Fred Thompson is now the latest GOP candidate to stumble over the moral logic of the pro-life position. He says he's withholding judgement on the Terri Schiavo case, suffice to say that issues like it should be left to local governments.
Perhaps Fred was just confused. If so, he's hardly alone. Indeed, the pro-lifers critiquing him better take stock of their own rhetoric.
For example, the most common remark I hear from pro-lifers about the Schiavo case is, "It's a shame they killed Terri--she might have gotten better." Or, when speaking of PVS patients in general, the reply goes, "You just never know, they might come out of it like that guy who was in a coma for 19 years."
True, they may come out of it. But that kind of thinking puts in place a premise that it's okay to kill people who don't improve. Truth is, Terri had no duty to get better. Her life had value as it was. Remember: The pro-life argument is that humans have intrinsic dignity simply because they are human, meaning Terri shouldn't have to get better to avoid being killed.
Michael Schiavo, of course, insisted Terri would never want to live in a disabled state. Well, maybe she did and maybe she didn't.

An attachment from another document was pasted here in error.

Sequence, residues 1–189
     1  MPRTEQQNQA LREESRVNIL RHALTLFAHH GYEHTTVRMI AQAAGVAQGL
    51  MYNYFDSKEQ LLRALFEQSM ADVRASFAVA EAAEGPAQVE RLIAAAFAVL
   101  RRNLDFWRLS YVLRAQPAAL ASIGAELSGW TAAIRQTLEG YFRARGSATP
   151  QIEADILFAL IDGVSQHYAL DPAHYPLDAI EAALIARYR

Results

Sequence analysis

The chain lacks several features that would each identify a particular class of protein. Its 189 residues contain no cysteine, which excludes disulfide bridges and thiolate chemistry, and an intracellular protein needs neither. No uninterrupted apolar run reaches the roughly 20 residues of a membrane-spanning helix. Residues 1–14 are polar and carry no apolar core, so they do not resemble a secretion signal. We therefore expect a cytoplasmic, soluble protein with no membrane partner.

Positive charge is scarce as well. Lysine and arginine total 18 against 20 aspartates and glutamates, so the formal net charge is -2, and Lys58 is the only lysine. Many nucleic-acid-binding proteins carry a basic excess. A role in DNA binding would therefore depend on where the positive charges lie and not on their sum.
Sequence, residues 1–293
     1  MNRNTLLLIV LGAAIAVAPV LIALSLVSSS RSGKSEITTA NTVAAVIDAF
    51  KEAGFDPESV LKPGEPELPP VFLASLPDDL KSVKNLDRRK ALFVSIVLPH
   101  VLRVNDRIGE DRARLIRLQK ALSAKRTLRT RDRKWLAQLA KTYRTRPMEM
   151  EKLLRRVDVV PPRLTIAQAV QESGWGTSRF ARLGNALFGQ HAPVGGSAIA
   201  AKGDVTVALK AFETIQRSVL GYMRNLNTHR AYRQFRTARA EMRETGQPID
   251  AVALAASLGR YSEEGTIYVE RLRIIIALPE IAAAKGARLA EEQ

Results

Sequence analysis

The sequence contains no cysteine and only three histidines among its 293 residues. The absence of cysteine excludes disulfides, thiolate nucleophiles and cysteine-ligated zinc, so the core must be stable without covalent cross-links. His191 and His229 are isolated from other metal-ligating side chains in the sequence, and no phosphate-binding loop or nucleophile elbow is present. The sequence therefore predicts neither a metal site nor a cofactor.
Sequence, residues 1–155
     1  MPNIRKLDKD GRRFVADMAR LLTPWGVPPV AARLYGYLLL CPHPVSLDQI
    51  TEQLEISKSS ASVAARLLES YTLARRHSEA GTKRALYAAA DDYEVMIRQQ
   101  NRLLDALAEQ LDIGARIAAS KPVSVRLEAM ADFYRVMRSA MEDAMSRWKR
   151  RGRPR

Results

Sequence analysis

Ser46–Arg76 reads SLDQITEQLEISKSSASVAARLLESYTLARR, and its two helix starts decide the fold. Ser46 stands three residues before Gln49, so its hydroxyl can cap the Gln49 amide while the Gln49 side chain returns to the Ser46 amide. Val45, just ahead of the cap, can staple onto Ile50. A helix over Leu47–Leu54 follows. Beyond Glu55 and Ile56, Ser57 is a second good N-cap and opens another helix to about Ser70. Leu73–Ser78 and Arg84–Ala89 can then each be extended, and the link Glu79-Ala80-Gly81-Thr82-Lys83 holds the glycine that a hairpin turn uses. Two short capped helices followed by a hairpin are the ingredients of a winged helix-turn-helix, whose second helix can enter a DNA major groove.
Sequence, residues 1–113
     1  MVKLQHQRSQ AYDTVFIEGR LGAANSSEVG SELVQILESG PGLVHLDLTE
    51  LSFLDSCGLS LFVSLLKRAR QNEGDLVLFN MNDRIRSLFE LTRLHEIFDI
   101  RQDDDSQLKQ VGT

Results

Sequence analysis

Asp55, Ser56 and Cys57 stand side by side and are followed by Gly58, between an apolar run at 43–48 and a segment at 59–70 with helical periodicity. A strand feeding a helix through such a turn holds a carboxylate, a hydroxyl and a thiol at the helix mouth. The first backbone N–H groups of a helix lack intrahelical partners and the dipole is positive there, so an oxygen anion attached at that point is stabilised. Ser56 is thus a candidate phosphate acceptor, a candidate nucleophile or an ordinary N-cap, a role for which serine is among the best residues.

Seriously, since when is it morally acceptable to kill those who wish to die? That's the question that should have been asked. Suppose, for example, Terri was well enough to request that a doctor kill her. Would the state of Florida allow it? No way. State laws do not recognize your right to kill yourself, much less have someone else do it for you.
If human beings have inherent worth and dignity (which is the foundation for the pro-life position Fred Thompson allegedly espouses), the right to life cannot be wished away by anyone, including disabled persons who want out or local governments who want you dead. You don't cease to be human just because you want to be killed. That's what's meant by saying a right is "inalienable."
Maybe our "pro-life" politicians should stop trying to out-smart The Declaration of Independence.